The book is practice-focused, consistent with the orientation of its authors. Having described the elements of new power, likening it to a current that can be uploaded, distributed and surged, they focus on the ways in which it can be used to spread ideas, build a crowd, and spend, raise, and invest money. The latter is a particularly interesting analysis for the purposes of philanthropy. They suggest that in the new power model, funding skills (whether for business or charity) call on storytelling, personal narrative, crowd mobilization, engaging a community of affiliated participants, and providing a value to the act of participation itself (not simply an economic transaction). Kickstarter and GoFundMe are examples of new power platforms that engage with people and draw their (transitory) participation very successfully. The response to the Humboldt Broncos tragedy, for example, was a GoFundMe campaign that raised $15 million. Heimans and Timms acknowledge the risks of these fundraising platforms – how can one be sure that the money raised will be used well or even go to the cause for which it was raised? As they note, “crowdfunding has opened access greatly for people to run their own initiatives and put them to market, it currently lacks any mechanism to ensure that its benefits are evenly shared or efficiently allocated” (p. 136). In many cases, new power is not the answer to the challenge of funding public or community projects. Heimans and Timms quote a law professor whose acid response to the question: what if public infrastructure was funded by the crowd? was “they call it taxes.”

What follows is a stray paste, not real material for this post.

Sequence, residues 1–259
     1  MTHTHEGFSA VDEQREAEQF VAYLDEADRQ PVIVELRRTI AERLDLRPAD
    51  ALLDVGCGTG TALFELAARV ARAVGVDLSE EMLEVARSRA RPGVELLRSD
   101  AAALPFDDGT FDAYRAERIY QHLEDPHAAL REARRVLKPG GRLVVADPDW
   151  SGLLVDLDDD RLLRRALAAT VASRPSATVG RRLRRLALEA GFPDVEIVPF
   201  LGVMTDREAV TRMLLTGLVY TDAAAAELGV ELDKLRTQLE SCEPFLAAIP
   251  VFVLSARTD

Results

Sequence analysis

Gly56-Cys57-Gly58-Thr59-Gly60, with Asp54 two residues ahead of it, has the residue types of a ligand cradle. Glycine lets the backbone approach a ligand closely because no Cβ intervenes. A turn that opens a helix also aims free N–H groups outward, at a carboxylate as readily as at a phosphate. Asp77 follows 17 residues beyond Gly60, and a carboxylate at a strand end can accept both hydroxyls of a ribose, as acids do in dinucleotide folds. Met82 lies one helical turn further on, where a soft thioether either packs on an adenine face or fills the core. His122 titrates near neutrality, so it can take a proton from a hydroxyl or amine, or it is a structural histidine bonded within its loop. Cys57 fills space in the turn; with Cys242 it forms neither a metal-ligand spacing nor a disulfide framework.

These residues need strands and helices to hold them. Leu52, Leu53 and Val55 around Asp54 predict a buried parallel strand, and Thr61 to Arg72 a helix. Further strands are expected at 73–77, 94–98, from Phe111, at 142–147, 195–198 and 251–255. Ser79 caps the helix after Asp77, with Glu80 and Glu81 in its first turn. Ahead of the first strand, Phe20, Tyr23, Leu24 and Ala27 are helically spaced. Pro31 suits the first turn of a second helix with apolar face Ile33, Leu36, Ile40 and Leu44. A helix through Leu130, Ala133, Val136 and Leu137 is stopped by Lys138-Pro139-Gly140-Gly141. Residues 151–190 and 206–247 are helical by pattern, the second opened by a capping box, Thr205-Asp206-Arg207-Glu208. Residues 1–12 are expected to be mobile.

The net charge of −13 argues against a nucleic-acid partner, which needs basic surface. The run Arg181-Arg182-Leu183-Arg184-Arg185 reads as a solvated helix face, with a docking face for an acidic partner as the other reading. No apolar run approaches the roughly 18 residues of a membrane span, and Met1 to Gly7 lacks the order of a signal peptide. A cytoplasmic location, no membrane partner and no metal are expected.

Still, new power can be the right choice in certain circumstances, and Heimans and Timms provide a concise decision tree to help any organization thinking about when and how to use new power. Is it useful to your strategy? How can the involvement of a crowd get you to a better outcome? Do you have legitimacy with the people you are trying to engage? Are you willing to cede some control to the crowd and accept unexpected outcomes? Are you able to sustain the engagement of the crowd and feed its agency over the long term? These are all good questions; Heimans and Timms provide stories and case studies to illustrate how organizations have tried to answer them.